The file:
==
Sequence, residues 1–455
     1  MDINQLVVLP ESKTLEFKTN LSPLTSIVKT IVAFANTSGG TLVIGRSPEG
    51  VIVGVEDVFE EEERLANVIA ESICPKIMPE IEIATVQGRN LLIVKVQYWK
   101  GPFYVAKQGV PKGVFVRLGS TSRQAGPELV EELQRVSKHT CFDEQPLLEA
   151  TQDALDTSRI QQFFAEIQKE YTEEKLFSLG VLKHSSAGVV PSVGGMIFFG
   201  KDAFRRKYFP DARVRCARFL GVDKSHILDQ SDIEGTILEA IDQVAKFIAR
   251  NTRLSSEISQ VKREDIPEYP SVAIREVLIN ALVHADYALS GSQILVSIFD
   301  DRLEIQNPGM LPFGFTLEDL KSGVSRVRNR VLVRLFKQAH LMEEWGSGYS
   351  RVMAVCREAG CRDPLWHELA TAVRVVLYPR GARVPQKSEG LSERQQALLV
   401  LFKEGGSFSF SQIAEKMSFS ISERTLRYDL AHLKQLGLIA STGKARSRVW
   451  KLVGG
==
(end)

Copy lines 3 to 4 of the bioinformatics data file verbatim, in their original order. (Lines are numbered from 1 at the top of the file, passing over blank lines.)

    51  VIVGVEDVFE EEERLANVIA ESICPKIMPE IEIATVQGRN LLIVKVQYWK
   101  GPFYVAKQGV PKGVFVRLGS TSRQAGPELV EELQRVSKHT CFDEQPLLEA